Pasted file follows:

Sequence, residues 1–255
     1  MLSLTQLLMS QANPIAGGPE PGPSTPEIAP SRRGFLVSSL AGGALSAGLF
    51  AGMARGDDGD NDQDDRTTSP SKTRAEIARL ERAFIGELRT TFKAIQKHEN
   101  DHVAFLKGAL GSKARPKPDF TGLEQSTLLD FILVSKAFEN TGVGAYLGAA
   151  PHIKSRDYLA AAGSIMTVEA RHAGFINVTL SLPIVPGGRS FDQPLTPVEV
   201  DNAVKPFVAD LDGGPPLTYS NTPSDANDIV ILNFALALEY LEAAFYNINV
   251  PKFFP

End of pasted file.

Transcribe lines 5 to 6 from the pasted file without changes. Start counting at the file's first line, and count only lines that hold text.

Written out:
   151  PHIKSRDYLA AAGSIMTVEA RHAGFINVTL SLPIVPGGRS FDQPLTPVEV
   201  DNAVKPFVAD LDGGPPLTYS NTPSDANDIV ILNFALALEY LEAAFYNINV